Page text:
Why is COVID-19 stopping me from visiting my dead relative?

The roads may have been traffic-free, in this coronavirus new normal, except for one place. 

The closed gate in front of Rose Hills Memorial Park in Whittier, where dumfounded drivers tried to back up into the line of incoming vehicles packed with people visiting their loved ones’ graves.

“Why is it closed?” asked a flustered woman, maneuvering flowers in one hand, and a wiggly small dog on the other, as she tried to open the unbudging gate.

Here is how Rose Hills officials put it in writing to FOX 11:

“We are following the governor’s stay at home order, which has resulted in the temporary closure of Rose Hills to outside visitors. On any given day, thousands of people visit the park. At this time, we have limited the park only to families who wish to hold a graveside service with 10 or fewer people and giving the option of a memorial service at a later date. We are helping families who wish to preserve mementos left at their loved one’s final resting place by collecting those items and arranging for their return to their owners. We are working to ensure measures are in place to protect decedents, their families, our employees, and the community.”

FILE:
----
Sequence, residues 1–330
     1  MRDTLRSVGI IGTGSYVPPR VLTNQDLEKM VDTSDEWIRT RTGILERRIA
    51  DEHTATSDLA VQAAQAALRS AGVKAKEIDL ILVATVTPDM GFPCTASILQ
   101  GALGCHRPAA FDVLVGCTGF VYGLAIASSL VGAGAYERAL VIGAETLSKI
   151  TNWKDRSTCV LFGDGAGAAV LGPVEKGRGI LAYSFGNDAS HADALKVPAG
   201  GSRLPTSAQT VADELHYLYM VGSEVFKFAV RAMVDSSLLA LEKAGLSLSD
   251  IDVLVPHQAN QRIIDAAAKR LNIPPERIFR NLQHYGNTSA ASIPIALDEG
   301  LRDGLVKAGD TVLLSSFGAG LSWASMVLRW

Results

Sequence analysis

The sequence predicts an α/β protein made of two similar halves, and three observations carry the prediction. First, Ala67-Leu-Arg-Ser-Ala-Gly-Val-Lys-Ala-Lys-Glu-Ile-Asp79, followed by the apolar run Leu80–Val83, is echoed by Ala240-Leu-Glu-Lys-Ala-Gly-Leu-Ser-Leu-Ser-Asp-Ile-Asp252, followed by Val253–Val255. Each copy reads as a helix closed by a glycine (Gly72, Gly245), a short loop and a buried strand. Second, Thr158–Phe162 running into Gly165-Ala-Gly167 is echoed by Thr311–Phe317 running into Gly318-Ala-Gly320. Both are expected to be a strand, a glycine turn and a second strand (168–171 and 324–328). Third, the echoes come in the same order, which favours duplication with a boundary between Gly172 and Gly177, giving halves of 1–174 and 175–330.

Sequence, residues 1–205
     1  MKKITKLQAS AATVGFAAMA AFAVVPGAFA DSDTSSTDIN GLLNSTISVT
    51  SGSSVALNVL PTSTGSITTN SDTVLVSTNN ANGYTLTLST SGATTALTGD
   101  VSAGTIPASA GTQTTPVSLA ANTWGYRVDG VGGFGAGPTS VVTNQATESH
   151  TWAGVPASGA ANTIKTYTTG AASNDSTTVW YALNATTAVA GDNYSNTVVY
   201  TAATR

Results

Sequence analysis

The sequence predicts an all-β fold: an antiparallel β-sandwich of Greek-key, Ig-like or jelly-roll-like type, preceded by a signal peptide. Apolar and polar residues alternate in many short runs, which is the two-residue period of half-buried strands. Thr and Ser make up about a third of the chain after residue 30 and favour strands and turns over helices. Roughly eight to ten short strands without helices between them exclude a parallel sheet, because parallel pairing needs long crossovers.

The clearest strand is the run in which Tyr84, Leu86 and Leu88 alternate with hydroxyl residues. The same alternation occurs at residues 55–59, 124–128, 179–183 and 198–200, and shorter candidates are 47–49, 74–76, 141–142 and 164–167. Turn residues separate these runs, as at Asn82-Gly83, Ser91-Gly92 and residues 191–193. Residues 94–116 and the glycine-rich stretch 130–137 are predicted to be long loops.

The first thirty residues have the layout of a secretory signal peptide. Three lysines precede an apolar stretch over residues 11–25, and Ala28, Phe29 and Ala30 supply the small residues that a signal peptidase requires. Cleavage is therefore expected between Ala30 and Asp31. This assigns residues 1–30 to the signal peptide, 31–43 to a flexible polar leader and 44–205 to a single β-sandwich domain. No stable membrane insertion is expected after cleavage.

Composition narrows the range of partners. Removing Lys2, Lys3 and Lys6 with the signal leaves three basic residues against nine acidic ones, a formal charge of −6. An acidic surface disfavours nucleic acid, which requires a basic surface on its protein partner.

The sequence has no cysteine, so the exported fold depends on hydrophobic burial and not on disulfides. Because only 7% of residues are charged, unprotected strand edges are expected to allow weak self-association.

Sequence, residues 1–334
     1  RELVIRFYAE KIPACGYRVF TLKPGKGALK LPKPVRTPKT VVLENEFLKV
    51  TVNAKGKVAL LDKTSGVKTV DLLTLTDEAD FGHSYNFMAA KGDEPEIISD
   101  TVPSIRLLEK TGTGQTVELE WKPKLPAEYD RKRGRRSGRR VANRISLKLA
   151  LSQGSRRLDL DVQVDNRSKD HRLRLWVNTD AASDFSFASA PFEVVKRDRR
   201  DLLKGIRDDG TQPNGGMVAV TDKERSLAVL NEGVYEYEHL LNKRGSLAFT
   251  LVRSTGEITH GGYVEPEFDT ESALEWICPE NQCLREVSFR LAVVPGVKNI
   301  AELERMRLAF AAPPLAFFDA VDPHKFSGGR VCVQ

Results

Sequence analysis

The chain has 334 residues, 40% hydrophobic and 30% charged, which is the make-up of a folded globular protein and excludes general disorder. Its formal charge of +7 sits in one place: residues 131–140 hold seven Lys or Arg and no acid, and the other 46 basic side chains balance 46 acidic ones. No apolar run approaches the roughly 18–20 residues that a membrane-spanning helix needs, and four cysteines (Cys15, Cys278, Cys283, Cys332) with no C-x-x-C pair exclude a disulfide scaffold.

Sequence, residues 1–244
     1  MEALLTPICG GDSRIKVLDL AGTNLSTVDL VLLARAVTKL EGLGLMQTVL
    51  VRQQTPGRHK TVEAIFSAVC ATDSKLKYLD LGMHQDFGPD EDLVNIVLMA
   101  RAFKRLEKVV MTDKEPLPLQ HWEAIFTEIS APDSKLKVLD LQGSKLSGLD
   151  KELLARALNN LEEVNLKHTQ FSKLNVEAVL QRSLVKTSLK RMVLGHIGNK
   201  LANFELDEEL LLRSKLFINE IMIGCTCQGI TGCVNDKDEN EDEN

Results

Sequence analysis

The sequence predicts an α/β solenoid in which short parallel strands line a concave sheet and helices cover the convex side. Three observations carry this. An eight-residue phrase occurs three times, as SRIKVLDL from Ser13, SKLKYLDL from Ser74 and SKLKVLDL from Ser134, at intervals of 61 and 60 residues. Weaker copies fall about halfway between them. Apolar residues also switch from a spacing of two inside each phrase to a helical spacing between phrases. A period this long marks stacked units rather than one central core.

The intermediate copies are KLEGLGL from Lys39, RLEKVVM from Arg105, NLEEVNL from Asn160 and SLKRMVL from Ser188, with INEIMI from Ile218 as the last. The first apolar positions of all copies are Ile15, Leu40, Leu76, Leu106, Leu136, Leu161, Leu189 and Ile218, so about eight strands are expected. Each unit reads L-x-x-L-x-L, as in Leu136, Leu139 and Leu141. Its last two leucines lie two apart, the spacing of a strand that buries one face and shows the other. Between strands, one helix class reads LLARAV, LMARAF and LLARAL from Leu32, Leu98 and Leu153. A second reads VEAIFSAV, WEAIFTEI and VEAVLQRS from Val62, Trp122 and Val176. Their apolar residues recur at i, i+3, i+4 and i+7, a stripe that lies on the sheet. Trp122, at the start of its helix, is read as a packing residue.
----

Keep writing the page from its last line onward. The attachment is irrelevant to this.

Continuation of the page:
“I get social distancing, but it’s not like we are on top of one another!” said a clearly exasperated young woman, who had just driven her mom, half a day, to visit grandpa.

At over 1400 acres, Rose Hills is larger than many of the parks people are showing up at, as LA County officials ask people to socially distance themselves while getting out for fresh air.

Still, they don’t want to take a chance. Even if Forest Lawn, up the street, has its gates wide open. They are interpreting the exemption allowing funeral workers to work, to include (like Rose Hills) graveside funerals of less than 10, and (unlike Rose Hills) visits to graves sites. It’s a matter of interpretation. 

We will update you if anything changes.